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For Midwives

Midwifery in our province is at a tipping point. We need to engage leaders in the legislature and the public service to ensure they are aware of the challenges midwives are facing and what they can do to help.

You can continue to email or call representatives from all three political parties as well as key public servants (we’ve included websites and contact information to help get you started). Your experience as clinicians matters, and your stories from the front lines can make a difference. Let’s make midwifery a critical issue for the new government and work together to build awareness around midwifery needs in B.C.

We invite you to speak from your heart. You can also work with the talking points below, either by copying them into an email or using them as prompts for a phone conversation.

Talking Points:

It’s time for the government to support B.C. midwives so we can continue to support B.C. families.

Public demand for midwives continues to grow. In B.C., we have reached an all-time high in parents seeking midwifery care during pregnancy, birth and postpartum. And that demand has only increased during COVID.

Midwives are currently involved in almost one quarter of pregnancies in the province. But we are the second lowest paid in the profession across the country. Registered midwives and family physicians provide the same primary maternity care, and yet we are excluded from provincial benefits such as health and disability, pension and parental leave. That’s on top of low pay and having to cover costs for medical supplies and office overhead out of our own pockets. This has now been made worse by the pandemic as we have received no assistance to offset costs associated with increased sanitation and physical distancing requirements, including the necessary move to virtual care.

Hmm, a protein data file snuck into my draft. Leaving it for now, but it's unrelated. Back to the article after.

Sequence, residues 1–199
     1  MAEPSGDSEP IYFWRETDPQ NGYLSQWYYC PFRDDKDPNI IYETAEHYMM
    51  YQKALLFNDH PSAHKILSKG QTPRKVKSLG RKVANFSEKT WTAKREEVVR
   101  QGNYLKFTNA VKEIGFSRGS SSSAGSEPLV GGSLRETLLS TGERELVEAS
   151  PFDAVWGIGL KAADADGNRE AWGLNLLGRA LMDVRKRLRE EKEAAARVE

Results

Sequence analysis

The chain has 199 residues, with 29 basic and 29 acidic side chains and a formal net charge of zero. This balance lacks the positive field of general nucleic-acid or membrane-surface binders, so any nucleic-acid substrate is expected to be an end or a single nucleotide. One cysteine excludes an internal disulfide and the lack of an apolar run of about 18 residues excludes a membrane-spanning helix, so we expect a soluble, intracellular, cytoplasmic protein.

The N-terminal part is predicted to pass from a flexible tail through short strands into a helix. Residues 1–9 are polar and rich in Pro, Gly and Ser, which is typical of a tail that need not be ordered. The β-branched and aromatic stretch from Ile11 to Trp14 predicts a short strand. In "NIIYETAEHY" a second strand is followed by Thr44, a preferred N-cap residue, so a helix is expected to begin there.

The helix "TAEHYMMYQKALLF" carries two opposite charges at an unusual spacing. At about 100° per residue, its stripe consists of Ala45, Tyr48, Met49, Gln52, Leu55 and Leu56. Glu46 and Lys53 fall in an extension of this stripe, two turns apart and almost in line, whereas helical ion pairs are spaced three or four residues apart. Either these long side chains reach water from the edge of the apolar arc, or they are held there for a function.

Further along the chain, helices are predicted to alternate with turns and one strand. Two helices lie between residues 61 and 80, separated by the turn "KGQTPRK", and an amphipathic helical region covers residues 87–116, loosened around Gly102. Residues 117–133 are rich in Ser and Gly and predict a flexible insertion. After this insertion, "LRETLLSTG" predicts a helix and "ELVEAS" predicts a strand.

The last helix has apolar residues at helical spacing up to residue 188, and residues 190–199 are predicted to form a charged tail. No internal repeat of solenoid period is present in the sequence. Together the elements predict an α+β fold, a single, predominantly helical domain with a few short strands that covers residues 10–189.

B.C. midwives have been taken for granted and left behind. If the fundamental inequities remain unaddressed, one in three B.C. midwives say they will be forced to leave the profession or change careers. We’re in this situation because successive B.C. governments have failed to invest in midwifery.
B.C.’s next government has the opportunity to address the inequities in our healthcare system and ensure the long-term availability of midwifery services for all British Columbians.

As a midwife, I call on newly elected leaders and leaders in the public service to:

  • ensure B.C. families continue to receive high-quality primary maternity care by investing in benefits and business supports for midwives;
  • support equity in maternity care—equal pay and benefits for midwives—and ensure that midwifery is there for B.C. families;
  • and, support Indigenous midwives and improve access to birth and maternity services in Indigenous communities.

The solutions to the current crisis of burnout and attrition among B.C. midwives are clear. Government must invest in benefits and business supports as an urgent first step, and commit to long-term sustainability by bringing compensation in line with other primary care providers.

Who to write and call:

Ask for a virtual meeting with your MLA. You can find your MLA here.

Please also write to public servants. Government employees and officials are responsible for developing policy and implementing provincial direction. Some key contacts in the Ministry of Health include:

  • David Byres (Assistant Deputy Minister) 
  • Ted Patterson (Assistant Deputy Minister)
  • Mark Armitage (Assistant Deputy Minister)
  • Natasha Prodan-Bhalla (Chief Nurse and Professional Practice Officer, Nursing Policy Secretariat)
  • Glenys Webster (Director, Women’s, Maternal and Early Childhood Health) 

We know you are already burdened by busy practices and professional and personal demands, but we are grateful for any time you can spend reaching out to the government on behalf of all midwives.

Alisa Harrison

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